Lawmakers abandon our old, ill and poor
© St. Petersburg Times
It's hard to believe that the government could be so casual, so callous.
But it's true: Florida just might let the old and the sick die, as many as 26,000 of them.
In just a few weeks, cuts in what's called the Medically Needy program take effect. The program helps pay for the bills of poor people who are dealing with transplants or catastrophic illnesses, or facing drug bills that outstrip their monthly Social Security or disability checks.
Come May 1, people who have gotten help through this program will be expected to spend all but $450 of their monthly income on their medical bills before the state will shell out a dime.
You try living on $450 a month.
For Rose Ehrlich, a 79-year-old widow in Lutz, this will mean deciding between paying her rent or buying drugs to treat problems with her heart, her back, her blood pressure, her legs. Her Social Security check is less than $800. Her drugs cost $1,100 a month.
For Susie Owens, a 51-year-old diabetic from Safety Harbor, the choice will be just as grim. She needs a kidney transplant. She won't be able to get it if she can't afford the drugs required to keep her from rejecting the organ.
And this is what some Republicans call living within our means.
This change has been a year in coming. The Legislature adopted it last year but, when a row erupted, put off the date the law would take effect until this year.
Such brave men and women those Republicans are.
"Bush wants me dead," said a Clearwater man who needs $2,000 a month in drugs to keep his transplanted liver functioning.
He didn't want his name used because he doesn't want his neighbors knowing he's nearly broke. He wants to keep what dignity he has left, as he and his wife try to manage on $1,300 a month, and prepare to choose between buying medicine and making their mortgage.
What makes this matter particularly cruel is that, even though the law was changed last year, the 26,000 people affected learned of the change only a few days ago. They got a letter in the mail.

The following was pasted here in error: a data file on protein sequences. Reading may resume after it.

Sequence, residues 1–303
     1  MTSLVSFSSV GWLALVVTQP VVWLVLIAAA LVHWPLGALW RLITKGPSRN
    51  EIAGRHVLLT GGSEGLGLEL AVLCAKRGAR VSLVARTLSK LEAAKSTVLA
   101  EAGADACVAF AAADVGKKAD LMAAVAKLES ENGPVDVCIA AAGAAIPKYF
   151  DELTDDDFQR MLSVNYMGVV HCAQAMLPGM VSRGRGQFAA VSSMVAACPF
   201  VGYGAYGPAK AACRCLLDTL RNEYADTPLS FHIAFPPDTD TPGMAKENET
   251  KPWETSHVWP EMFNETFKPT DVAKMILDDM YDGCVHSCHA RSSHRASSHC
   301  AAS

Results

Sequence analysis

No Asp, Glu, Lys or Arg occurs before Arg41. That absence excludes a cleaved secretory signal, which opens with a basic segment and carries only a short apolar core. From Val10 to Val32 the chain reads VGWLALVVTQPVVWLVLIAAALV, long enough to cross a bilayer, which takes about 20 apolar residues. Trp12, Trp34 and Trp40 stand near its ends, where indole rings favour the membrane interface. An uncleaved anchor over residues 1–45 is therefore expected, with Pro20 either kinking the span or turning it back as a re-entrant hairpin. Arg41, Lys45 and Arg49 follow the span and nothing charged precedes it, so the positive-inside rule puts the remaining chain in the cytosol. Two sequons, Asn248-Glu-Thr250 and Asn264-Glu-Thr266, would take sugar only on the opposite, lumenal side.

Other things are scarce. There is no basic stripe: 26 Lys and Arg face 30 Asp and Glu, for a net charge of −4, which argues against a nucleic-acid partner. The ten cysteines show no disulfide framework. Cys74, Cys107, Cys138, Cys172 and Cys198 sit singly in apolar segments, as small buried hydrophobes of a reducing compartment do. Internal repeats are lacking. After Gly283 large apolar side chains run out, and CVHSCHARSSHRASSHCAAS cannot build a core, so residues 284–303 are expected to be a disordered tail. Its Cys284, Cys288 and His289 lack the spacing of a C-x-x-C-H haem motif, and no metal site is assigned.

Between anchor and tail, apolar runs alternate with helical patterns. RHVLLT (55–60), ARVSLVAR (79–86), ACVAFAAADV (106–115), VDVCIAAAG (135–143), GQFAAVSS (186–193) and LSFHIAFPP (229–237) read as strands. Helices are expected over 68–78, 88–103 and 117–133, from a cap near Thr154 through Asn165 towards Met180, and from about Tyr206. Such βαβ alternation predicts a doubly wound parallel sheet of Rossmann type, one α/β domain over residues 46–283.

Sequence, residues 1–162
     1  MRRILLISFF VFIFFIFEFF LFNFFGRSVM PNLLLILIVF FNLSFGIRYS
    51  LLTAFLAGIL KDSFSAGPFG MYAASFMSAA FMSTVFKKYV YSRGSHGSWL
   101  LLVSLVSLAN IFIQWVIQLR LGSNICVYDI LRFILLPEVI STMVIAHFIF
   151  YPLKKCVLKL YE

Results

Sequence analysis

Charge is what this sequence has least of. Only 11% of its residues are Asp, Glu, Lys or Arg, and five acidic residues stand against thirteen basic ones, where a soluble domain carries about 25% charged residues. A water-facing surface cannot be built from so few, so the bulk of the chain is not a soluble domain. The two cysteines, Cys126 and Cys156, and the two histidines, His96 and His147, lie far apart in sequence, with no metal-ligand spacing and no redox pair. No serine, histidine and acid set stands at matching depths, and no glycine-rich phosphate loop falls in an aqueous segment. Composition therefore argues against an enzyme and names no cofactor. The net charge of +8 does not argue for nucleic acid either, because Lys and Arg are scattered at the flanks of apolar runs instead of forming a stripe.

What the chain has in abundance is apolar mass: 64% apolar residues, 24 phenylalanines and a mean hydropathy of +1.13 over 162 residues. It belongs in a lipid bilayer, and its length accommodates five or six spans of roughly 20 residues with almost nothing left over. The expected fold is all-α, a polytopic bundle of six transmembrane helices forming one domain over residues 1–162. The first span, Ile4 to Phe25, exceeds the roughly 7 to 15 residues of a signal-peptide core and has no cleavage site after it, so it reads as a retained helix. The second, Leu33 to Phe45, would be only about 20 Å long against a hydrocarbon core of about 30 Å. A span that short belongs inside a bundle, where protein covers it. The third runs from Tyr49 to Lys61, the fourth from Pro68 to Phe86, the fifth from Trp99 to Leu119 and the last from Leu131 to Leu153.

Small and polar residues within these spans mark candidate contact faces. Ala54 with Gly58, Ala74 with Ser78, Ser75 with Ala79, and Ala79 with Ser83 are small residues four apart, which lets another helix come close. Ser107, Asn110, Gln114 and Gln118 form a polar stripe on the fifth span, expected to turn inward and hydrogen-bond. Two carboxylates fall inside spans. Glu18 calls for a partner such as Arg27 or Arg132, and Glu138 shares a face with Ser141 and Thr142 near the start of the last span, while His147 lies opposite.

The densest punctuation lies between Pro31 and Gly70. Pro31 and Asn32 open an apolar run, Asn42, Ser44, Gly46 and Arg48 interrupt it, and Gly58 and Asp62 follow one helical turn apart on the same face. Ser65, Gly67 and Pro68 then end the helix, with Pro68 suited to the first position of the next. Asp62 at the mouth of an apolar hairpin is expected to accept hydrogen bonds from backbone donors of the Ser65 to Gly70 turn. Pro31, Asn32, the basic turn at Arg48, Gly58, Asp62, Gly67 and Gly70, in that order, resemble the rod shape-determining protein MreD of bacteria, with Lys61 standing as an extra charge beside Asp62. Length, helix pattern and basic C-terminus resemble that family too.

The night his letter arrived, the Clearwater man went to bed a wreck. "Wouldn't it be the best thing," he told his wife, "if we died in our sleep and didn't have to worry about this in the morning?"
You could ask yourself how this happens, how presumably intelligent and caring people in Tallahassee could inflict such pain on their constituents.
Could it be they're just plain ignorant of any reality beyond that of people who drive SUVs and have 401(k)s and insurance plans?
People like Rose Ehrlich have none of that. "What do the poor people who don't have any more, what are we supposed to do?" she asked.
Susie Owens was darker, more Darwinian. "It almost feels that they're going along with the survival of the fittest," she said.
I would like to report that the Legislature and the governor will, in a flash of decency, restore the Medically Needy program. I talked to a Tallahassee lobbyist, Lyn Bodiford. She was not reassuring. The program, which costs about $400-million a year, is a big pot of money, very tempting to take from. The cuts, it is estimated, will save $65-million a year.
I tell you about Rose Ehrlich, Susie Owens and the man from Clearwater to put a face on the process that passes for governing in Tallahassee.
The budget will be balanced.
The campaign rhetoric will be lived up to.
And the real, desperate needs of people legislators claim to represent will go ignored.
You can reach Mary Jo Melone at firstname.lastname@example.org
or (813) 226-3402.
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